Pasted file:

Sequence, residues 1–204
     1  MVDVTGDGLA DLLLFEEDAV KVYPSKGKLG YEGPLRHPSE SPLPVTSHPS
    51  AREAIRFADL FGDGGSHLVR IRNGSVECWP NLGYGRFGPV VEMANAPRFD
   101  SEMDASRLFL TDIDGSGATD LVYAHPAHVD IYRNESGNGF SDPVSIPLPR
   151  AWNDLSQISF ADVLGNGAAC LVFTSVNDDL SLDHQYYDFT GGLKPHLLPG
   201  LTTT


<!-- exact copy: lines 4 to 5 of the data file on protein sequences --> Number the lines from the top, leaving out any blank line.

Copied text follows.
   101  SEMDASRLFL TDIDGSGATD LVYAHPAHVD IYRNESGNGF SDPVSIPLPR
   151  AWNDLSQISF ADVLGNGAAC LVFTSVNDDL SLDHQYYDFT GGLKPHLLPG